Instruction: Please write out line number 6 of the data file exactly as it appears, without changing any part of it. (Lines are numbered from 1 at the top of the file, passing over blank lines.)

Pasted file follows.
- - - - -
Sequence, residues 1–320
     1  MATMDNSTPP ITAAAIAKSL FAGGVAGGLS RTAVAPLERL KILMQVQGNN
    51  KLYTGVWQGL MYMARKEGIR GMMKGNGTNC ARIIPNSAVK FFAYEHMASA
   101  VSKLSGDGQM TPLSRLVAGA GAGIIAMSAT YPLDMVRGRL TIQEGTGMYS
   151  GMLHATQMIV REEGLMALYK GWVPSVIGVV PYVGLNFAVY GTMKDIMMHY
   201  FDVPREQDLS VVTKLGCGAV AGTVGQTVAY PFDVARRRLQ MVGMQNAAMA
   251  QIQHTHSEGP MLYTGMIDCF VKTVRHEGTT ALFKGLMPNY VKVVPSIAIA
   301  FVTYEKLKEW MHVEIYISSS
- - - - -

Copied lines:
   201  FDVPREQDLS VVTKLGCGAV AGTVGQTVAY PFDVARRRLQ MVGMQNAAMA